How Drugs Really Get Into Cells: Why Passive Bilayer Diffusion is a Myth

ACS Webinars
A woman's face with a digital image of a brain overlaid on it.

Cell membranes are thin measuring around 5 nanometers thick and to put that into perspective you could fit about 10,000 membranes across one human hair. However, does understanding a cell membrane's basic characteristics allow for consensus on how molecules actually pass in and out of these thin yet strong membranes?

It is widely assumed that the majority of pharmaceutical drugs are transported into cells occurs via ‘passive diffusion’ however, the evidence for “y diffusion through the bilayer” occurring significantly in real cells is non-existent. This means that to understand drug distribution, efficacy and toxicity, we need to know the distribution of the relevant transporters and their specificities in the form of a quantitative structure-activity relationship. Armed with these we can explain the majority of drug distributions (including which cross the blood-brain barrier and why) and why drugs fail. We can also then target drugs where we desire.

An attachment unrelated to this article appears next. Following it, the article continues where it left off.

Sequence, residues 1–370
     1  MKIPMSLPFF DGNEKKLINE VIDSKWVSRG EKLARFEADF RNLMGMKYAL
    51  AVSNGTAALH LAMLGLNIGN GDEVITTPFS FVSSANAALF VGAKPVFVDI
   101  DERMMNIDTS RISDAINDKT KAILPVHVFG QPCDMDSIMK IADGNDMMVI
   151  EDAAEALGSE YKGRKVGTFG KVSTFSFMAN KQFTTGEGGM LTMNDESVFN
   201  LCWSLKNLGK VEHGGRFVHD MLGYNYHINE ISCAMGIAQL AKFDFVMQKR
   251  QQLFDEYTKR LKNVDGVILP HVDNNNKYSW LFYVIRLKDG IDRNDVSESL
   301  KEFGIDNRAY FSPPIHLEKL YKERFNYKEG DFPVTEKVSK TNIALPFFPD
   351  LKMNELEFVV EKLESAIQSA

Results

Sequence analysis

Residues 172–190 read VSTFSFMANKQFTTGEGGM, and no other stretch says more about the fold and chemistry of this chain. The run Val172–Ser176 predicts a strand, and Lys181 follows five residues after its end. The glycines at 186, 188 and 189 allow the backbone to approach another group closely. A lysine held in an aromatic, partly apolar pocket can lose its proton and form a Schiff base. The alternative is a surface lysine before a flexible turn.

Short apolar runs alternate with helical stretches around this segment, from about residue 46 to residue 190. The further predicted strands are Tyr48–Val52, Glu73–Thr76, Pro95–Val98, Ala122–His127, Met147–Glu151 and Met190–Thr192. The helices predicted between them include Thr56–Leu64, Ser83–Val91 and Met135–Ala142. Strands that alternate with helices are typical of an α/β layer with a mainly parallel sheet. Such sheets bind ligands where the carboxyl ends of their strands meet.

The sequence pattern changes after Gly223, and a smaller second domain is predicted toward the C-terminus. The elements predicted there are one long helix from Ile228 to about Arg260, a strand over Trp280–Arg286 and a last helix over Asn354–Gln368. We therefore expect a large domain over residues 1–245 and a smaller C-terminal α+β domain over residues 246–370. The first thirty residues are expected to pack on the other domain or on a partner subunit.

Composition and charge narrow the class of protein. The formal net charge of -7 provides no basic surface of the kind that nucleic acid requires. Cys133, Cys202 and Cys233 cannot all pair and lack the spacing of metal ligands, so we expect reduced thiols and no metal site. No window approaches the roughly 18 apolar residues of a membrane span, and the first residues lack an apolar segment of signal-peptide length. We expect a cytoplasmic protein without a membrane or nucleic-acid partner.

Join Douglas Kell, Research Chair in Systems Biology at the University of Liverpool, during this free interactive broadcast to discover how drugs pass through cell membrane solely by hitchhiking on membrane transporters and why so-called “passive diffusion” through any bilayer in real cells is negligible.

What You Will Learn

  • How drugs REALLY get into cells (it is not as the textbooks describe it)
  • Biology – the nature and distribution of transporters – and not physical chemistry (lipophilicity, log P and the like) explains it
  • Phospholipid Bilayer Transport (in real cells) is negligible (PBIN)

Additional Resources

The Fine Print

ACS Webinars® does not endorse any products or services. The views expressed in this presentation are those of the presenters and do not necessarily reflect the views or policies of the American Chemical Society.

ACS Webinars Logo

Douglas Kell
University of Liverpool

Mike Sinz
Bristol-Myers Squibb